Well, now that Beau Biden has left the playing field, it looks like Delaware has joined North Dakota on the list of  lost Democratic Senate seats: “A new Rasmussen Reports telephone survey of likely Delaware voters shows longtime GOP congressman Mike Castle leading New Castle County Executive Chris Coons 56% to 27%. Five percent (5%) prefer some other candidate, and 13% are undecided.” So if you’re keeping track, the loss of those two would bring the Democrats down to 57.

Not all was bleak for the Democrats yesterday, however. Rep. Mike Pence told us he isn’t running for the Senate in Indiana. He explained why: “First because I have been given the responsibility to shape the Republican comeback as a member of the House Republican Leadership and, second, because I believe Republicans will win back the majority in the House of Representatives in 2010.” Well, I suppose it’s not unalloyed good news for the Democrats when Pence’s rationale is that it looks like the House is going to flip to the Republicans. Still, Michael Barone says incumbent Evan Bayh is in big trouble in polling matchups against much lesser-known figures:

Evan Bayh is running far behind the way he ran once Indiana voters had a chance to observe his performance as governor, significantly behind the way he ran in his first race for governor, significantly behind his father’s winning percentages in three Senate races and close only to the percentage his father won when he was defeated in the heavily Republican year of 1980, when Ronald Reagan was carrying Indiana over Jimmy Carter by a margin of 56%-38%. …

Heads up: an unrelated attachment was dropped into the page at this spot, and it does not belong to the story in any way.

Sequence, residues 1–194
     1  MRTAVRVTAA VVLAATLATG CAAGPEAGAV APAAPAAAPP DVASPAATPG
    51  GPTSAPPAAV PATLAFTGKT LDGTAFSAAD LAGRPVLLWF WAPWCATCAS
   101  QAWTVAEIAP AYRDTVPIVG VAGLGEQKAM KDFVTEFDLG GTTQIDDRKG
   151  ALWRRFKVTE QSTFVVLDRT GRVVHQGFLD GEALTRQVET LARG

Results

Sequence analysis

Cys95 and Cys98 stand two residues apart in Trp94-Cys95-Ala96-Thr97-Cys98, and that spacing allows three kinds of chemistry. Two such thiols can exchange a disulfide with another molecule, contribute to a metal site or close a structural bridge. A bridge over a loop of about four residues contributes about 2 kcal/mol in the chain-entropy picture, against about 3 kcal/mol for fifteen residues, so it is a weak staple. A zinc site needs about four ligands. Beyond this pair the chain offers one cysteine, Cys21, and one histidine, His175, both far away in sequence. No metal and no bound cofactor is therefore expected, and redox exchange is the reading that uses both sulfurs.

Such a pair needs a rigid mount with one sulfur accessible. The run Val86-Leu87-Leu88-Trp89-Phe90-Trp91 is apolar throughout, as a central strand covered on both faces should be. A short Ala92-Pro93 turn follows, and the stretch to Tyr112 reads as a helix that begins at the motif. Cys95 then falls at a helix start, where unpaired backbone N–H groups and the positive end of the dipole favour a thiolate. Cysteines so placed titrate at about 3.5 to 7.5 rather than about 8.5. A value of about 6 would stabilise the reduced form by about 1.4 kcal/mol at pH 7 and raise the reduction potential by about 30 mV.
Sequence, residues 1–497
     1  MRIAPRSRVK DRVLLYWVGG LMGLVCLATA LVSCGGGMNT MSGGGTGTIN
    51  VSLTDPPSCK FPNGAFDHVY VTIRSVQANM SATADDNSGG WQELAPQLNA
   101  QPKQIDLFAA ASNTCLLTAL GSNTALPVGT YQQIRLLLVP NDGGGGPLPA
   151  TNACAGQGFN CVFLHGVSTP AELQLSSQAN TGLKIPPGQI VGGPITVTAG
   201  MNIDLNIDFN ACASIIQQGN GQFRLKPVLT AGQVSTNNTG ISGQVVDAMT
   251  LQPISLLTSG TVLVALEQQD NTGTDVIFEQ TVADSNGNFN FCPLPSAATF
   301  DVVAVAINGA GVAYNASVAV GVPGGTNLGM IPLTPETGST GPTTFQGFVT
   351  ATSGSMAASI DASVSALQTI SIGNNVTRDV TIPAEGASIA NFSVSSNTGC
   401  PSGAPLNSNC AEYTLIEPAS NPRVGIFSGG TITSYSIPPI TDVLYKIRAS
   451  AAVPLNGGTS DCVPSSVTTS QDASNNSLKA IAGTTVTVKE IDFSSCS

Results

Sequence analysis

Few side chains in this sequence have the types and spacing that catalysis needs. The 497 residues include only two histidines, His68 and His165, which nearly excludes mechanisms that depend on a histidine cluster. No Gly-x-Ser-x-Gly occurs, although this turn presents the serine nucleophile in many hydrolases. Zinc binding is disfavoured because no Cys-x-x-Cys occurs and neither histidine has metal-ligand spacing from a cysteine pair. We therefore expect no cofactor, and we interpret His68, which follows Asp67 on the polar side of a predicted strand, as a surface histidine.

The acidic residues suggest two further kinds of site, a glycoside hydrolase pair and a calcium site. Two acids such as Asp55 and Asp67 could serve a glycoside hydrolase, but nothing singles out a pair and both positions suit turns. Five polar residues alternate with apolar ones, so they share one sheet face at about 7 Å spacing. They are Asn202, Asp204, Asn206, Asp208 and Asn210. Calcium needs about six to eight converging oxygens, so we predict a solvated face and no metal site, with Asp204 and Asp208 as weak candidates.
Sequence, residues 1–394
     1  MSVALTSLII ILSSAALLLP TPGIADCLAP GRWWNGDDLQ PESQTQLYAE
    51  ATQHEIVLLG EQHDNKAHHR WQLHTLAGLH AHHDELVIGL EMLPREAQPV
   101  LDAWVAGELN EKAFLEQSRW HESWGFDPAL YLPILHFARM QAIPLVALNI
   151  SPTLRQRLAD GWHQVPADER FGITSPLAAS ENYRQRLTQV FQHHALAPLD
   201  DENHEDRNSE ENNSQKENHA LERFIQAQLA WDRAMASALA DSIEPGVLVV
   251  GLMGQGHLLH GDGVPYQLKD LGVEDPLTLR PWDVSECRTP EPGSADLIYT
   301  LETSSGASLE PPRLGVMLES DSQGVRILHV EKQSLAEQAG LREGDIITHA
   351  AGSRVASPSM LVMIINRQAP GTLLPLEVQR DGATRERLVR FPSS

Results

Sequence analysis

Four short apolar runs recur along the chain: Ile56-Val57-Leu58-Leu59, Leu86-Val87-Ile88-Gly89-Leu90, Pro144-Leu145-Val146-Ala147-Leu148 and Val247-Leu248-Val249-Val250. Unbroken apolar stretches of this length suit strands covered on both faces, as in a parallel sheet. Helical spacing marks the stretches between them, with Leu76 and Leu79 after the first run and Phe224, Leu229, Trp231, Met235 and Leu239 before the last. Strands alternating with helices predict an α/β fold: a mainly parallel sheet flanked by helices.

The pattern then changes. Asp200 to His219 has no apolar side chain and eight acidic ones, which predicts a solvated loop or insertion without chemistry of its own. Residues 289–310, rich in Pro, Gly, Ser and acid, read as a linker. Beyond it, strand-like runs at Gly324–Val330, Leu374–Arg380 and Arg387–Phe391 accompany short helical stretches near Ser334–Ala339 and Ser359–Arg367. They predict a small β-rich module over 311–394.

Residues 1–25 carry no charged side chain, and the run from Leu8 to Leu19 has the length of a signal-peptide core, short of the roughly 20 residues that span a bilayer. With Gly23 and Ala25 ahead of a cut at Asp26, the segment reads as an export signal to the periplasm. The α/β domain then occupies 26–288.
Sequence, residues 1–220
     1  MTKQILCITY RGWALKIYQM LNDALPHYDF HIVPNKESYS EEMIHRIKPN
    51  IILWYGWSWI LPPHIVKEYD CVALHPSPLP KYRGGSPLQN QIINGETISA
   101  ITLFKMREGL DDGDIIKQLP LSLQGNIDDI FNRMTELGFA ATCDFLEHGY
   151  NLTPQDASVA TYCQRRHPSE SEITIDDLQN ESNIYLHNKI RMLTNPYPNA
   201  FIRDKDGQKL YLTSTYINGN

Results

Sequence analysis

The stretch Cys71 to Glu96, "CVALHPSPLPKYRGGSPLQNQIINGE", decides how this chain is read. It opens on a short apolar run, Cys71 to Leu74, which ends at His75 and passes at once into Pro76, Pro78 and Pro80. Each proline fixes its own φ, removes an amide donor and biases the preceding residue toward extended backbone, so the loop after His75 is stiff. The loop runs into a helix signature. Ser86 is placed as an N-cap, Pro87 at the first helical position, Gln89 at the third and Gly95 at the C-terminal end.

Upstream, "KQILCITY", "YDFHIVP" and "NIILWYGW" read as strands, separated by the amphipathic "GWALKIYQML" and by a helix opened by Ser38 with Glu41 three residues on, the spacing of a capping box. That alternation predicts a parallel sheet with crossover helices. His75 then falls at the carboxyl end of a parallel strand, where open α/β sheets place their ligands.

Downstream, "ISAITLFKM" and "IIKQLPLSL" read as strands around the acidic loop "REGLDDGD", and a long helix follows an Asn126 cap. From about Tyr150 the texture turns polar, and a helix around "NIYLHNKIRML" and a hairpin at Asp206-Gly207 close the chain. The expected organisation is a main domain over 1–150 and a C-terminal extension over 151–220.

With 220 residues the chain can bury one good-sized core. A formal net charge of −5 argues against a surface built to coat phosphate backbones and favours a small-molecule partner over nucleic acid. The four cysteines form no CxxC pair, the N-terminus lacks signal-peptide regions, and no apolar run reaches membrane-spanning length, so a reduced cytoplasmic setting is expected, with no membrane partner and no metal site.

Evan Bayh did not win five statewide races in Indiana, a state that tends to favor the other party, by being stupid. Now the question is whether he is smart enough to get himself out of the hole Barack Obama, Nancy Pelosi and Harry Reid have dug for him—and which he was willing, when the Senate had 60 Democrats, to jump in himself.

And that, I think, is the real impact of the polls and the Democratic departures/retirements: those struggling not to be swept out in the 2010 wave will increasingly look at each and every vote through the prism of their own electorate and re-election self-interest. Yes, what a novel concept! But that was not the story in 2009, when congressmen and senators were persuaded over and over again to ignore everything else (e.g., polls, town hall attendees, jammed switchboards) and adhere to the Obama-Reid-Pelosi line. That dynamic is very likely to reverse itself — leaving the “leadership” to chase after members, while members attune themselves to voters back home. In this environment, it’s unclear how, if at all, the White House can set the agenda. After all, it was Obama who got his party into this position, and his fellow Democrats may be less than amenable to taking further direction from the guy that sunk their party’s fortunes.